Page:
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Curtis Sittenfeld

When Vi emerged, our mother felt as if she’d been turned inside out. A nurse whisked the baby away, and as the contractions continued, another nurse told our mother to keep pushing, which our mother thought she already was doing. I emerged eight minutes later and was similarly whisked away. Our mother had neither held nor even really seen us; she was hyperventilating, and though she soon stopped, she felt flattened, overwhelmed by what she had just been through. She lay motionless in the hospital bed and swore that she would never have another baby.

As for Vi and me, after our Apgar scores confirmed that we were healthy, we were weighed (Vi was six pounds, nine ounces, and I was five pounds, eleven ounces), then cleaned, wrapped in blankets, deposited in bassinets, and taken to the nursery, where we were introduced to our father. Vi was asleep, he said, and I was awake, and he went about memorizing our faces. Vi had been named, but I hadn’t. For the next five days, though the nurses and our father repeatedly inquired about our mother’s preferences, she declined to answer. Having expected only one baby, she had planned on Violet for a girl and Victor for a boy. What about Violet and Victoria, our father suggested, but our mother shook her head. She had spoken very little since our birth; she did not breast-feed us. Violet and Margaret? (Margaret was the name of our father’s mother.) Our mother shook her head again. Violet and Daisy? our father asked, and our mother shrugged. He took this as assent, and we became Violet Kimberly and Daisy Kathleen. Our mother later claimed that Kimberly and Kath-leen had been maternity ward nurses, but our father denied it, saying the nurses had merely helped him select our middle names.

As little girls, Vi and I loved hearing about our arrival in spite of the fact that we didn’t have a mother who concluded this narrative with lavish expressions of affection. In retrospect, I’m not sure why we were so enthralled by this story, aside from the fact that we possessed the guileless self-absorption of most children. But it took having babies myself for me to understand just how lacking, how depressing even, the story of our births was, with its absence of any hint of joy on our mother’s part. She had looked forward to having one child, was my interpretation of events when I became an adult, but having two did not double her excitement; rather, it extinguished it. Our mother was neither a happy mother nor a happy person. It’s impossible for me to know if she was unhappy before she had us, but I suspect she previously must have been able to enjoy herself at least a little or I doubt that my father would have married her. And not only married her but been so smitten that, as a thirty-nine-year-old bachelor, he’d proposed to her within three months of their meeting and left behind a life in Nebraska to move to St. Louis for this beautiful woman seventeen years his junior.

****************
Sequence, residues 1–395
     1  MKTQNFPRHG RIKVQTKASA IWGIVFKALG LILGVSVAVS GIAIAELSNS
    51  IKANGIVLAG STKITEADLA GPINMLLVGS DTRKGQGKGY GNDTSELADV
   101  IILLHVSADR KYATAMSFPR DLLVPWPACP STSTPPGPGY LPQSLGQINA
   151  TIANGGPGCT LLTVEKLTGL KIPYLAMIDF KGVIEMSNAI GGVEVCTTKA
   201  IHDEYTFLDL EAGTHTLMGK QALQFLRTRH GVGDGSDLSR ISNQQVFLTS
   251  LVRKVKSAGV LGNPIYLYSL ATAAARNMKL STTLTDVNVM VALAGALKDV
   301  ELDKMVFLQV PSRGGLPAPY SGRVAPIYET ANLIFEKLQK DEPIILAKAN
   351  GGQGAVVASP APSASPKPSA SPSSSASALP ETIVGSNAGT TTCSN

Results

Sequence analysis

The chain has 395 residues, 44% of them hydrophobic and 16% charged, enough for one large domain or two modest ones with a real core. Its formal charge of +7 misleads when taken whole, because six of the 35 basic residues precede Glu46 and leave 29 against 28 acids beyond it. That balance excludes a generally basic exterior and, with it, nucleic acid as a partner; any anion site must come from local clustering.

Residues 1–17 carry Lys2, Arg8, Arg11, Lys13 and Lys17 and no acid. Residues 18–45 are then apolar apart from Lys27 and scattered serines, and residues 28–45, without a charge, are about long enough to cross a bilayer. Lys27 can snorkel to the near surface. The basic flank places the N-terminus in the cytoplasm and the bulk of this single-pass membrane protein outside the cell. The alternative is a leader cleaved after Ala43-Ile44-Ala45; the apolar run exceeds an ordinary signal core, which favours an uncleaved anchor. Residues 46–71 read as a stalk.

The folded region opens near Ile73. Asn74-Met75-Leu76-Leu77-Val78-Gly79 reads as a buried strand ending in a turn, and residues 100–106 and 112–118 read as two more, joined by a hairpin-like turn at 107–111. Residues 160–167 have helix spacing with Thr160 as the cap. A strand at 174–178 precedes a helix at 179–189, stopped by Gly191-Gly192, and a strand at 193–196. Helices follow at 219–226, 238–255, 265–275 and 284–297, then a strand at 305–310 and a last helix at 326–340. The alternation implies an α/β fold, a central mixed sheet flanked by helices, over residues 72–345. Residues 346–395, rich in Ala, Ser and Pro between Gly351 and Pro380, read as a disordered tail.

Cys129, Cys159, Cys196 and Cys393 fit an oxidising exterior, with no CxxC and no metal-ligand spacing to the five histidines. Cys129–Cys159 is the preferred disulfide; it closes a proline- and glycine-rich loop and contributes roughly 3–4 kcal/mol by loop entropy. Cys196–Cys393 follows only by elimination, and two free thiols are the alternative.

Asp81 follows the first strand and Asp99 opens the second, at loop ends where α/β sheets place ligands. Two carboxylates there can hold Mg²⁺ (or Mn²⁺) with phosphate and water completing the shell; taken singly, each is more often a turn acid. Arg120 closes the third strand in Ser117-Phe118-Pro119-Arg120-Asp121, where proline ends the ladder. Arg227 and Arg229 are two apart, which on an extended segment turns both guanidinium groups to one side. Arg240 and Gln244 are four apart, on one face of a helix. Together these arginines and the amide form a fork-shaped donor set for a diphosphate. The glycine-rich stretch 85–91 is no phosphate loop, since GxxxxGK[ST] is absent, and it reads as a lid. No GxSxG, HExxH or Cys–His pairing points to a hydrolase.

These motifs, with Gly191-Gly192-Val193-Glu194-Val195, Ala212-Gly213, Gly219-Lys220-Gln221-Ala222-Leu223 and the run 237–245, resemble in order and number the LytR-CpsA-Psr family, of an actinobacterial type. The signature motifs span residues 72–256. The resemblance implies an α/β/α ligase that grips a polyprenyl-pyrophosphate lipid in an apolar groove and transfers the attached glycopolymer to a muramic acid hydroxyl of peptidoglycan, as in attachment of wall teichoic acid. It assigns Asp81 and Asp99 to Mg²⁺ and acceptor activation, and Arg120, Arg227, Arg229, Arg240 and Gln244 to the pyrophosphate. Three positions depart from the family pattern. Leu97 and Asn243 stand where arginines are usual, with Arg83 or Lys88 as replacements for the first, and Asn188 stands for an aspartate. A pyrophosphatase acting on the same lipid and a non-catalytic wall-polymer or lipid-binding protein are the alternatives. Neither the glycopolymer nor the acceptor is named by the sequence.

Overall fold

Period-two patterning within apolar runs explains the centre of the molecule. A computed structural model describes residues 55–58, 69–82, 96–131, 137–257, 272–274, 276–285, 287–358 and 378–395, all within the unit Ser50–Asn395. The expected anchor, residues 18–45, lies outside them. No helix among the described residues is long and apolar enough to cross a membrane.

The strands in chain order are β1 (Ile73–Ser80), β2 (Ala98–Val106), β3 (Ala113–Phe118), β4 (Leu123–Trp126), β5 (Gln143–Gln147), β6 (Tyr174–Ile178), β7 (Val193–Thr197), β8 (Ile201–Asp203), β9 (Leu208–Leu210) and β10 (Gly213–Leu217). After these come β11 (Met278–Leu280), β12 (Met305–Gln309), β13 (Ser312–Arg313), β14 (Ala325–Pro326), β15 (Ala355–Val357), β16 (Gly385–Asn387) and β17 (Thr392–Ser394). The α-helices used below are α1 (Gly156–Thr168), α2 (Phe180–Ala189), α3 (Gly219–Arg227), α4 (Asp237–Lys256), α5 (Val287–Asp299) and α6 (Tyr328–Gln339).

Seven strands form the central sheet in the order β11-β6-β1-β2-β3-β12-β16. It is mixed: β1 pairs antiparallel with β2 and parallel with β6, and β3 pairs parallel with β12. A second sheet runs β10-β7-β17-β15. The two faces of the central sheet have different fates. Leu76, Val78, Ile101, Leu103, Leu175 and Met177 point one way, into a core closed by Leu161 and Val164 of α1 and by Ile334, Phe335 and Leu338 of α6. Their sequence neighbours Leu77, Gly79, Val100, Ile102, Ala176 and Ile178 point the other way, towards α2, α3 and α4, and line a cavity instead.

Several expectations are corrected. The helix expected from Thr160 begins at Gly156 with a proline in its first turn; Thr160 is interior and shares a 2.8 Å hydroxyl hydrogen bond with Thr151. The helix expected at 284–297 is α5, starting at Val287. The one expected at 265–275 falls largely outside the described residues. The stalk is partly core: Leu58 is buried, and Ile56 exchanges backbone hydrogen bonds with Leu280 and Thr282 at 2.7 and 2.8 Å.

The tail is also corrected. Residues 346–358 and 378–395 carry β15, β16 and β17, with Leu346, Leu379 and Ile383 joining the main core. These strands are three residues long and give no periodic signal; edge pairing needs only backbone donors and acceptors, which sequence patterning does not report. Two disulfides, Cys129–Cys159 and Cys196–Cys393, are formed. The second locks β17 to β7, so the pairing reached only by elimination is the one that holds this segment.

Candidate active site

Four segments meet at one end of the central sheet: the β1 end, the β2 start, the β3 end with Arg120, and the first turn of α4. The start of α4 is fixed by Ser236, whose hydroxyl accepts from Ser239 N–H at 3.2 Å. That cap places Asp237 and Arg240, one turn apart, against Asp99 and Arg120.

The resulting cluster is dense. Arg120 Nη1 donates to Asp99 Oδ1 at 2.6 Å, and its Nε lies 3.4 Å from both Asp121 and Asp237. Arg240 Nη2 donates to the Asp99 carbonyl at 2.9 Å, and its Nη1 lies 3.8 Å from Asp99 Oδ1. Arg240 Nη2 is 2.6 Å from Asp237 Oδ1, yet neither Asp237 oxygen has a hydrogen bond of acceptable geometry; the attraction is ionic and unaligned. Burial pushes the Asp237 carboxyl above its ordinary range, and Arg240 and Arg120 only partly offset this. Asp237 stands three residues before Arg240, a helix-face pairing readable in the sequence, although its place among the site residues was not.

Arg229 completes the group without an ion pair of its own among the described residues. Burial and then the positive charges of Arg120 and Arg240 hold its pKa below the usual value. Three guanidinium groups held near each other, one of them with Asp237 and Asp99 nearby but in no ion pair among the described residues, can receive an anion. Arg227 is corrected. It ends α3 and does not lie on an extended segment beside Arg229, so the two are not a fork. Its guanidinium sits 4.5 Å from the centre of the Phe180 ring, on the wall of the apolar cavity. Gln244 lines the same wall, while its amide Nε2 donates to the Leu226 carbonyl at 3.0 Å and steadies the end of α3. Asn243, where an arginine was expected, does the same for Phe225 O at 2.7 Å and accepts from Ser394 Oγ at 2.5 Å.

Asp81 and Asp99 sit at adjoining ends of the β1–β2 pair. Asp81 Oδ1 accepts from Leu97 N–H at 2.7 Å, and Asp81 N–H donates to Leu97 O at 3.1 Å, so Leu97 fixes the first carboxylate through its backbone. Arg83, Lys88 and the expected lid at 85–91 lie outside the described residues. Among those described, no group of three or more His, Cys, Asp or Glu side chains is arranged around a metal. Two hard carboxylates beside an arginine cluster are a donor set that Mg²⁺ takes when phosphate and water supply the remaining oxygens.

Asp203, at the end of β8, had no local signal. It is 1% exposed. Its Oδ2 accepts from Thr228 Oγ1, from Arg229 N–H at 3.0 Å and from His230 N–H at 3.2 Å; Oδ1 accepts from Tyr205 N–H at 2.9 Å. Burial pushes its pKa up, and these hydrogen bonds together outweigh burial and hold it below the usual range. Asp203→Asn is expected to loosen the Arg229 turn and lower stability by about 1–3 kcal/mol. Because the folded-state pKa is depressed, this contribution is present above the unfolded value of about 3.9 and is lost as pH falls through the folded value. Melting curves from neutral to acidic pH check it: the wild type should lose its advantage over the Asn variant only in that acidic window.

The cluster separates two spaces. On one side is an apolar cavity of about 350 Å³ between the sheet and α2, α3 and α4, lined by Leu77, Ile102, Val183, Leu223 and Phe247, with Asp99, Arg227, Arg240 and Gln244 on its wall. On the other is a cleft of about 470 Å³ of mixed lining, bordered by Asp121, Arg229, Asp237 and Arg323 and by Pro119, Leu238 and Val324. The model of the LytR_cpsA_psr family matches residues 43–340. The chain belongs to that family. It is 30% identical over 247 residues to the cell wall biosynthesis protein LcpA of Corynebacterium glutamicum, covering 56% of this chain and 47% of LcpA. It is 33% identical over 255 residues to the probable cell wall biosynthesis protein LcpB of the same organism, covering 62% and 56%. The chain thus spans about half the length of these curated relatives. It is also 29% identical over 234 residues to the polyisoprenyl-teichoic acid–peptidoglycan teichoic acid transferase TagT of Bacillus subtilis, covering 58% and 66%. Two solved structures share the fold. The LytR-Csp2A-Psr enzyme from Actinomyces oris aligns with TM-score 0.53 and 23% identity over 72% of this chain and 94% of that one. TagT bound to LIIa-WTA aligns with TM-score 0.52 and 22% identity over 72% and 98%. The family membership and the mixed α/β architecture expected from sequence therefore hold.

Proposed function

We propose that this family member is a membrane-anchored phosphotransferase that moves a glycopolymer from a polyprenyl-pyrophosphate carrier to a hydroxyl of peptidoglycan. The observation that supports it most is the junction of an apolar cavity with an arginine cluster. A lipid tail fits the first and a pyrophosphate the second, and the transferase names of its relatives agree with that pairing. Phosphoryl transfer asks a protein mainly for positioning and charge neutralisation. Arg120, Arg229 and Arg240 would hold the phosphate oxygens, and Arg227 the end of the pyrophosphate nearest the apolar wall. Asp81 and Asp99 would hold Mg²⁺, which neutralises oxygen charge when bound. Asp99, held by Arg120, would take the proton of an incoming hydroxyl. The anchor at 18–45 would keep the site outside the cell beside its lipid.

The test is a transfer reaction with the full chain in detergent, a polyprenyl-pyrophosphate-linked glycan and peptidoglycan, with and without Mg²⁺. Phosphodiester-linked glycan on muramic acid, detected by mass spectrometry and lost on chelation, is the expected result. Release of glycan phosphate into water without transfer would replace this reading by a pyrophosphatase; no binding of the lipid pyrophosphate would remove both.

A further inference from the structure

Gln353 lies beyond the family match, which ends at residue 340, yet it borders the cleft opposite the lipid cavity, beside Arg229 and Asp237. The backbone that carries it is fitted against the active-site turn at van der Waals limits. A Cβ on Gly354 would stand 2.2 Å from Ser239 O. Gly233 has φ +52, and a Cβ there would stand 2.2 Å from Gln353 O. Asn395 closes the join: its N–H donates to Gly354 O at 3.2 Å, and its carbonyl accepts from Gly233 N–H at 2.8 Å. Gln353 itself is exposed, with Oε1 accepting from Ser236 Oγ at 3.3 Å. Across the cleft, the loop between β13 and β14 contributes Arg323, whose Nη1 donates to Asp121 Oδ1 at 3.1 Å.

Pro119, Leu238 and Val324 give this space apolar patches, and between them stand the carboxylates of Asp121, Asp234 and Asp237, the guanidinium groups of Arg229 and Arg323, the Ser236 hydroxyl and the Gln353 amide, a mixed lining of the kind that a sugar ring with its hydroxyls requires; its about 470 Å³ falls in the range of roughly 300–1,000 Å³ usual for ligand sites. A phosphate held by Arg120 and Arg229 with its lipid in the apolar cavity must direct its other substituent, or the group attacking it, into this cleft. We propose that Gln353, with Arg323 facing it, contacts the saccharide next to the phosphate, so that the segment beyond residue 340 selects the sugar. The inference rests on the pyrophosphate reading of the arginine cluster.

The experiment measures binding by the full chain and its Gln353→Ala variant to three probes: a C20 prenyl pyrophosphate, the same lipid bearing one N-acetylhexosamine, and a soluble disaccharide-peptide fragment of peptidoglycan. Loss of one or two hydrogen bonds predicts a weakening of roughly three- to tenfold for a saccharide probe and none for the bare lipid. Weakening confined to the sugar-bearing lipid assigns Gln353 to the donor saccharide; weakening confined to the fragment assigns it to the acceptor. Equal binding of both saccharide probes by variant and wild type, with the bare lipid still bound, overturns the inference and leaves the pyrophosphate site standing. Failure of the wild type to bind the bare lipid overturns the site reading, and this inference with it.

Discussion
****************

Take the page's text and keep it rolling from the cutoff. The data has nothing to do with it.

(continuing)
It also took having babies of my own for me to truly imagine what that experience in the hospital must have been like for my mother, how difficult: At twenty-three, she was almost a decade younger than I was when I delivered my first child; her husband wasn’t in the delivery room to support her; and the combination of the ineffective epidural and the still surprising fact of there being two babies to push out must have been, in the clinical sense, traumatizing. And things did not improve much, particularly with regard to her isolation, when the hospital discharged the three of us.

That morning, our mother had changed, for the first time since our arrival five days earlier, from a hospital gown to a dress, and she was shocked when she looked in the mirror. Between giving birth and shedding the water weight that had made her swollen, she had lost at least thirty pounds; her legs were so skinny that she reminded herself of Minnie Mouse. And this, in a way, was the happy ending of our birth story, a happiness Vi and I surely intuited, and celebrated, even if it had little to do with either of us—that in spite of everything she’d been through, on the day she left the hospital, our mother once again looked pretty.

We lived in Kirkwood, Missouri, a suburb twelve miles southwest of the St. Louis Arch. The blue shingled house on Gilbert Street that my parents had bought when they married was the one they stayed in until after I’d graduated from college, and for all that time my mother complained about it. She said that the house was drafty in the winter, that the street smelled of exhaust from trains on the nearby tracks, and that the neighbors were nosy and low-class. The real problem, however, wasn’t the house; it was a simple and terrible fact that none of us ever discussed because we didn’t need to, which was that our mother didn’t like our father. In her crossed arms, the exhalations of her nostrils, the pinch of her lips, she showed us every day that she didn’t enjoy his company, didn’t find him interesting, and didn’t respect him. Part of it seemed to be that she held him accountable for the disappointments life had dealt her, though it was always easier to see that she was disappointed than to understand exactly why. (Not that my father was alone in having let her down. Almost everyone my mother encountered fell into one of two categories: low-class or snobby. Only very occasionally would she bestow her most prized compliment, reserved for a rich person who had pleasantly surprised her: He didn’t put on airs, she’d say. He acted the same as you and me.)

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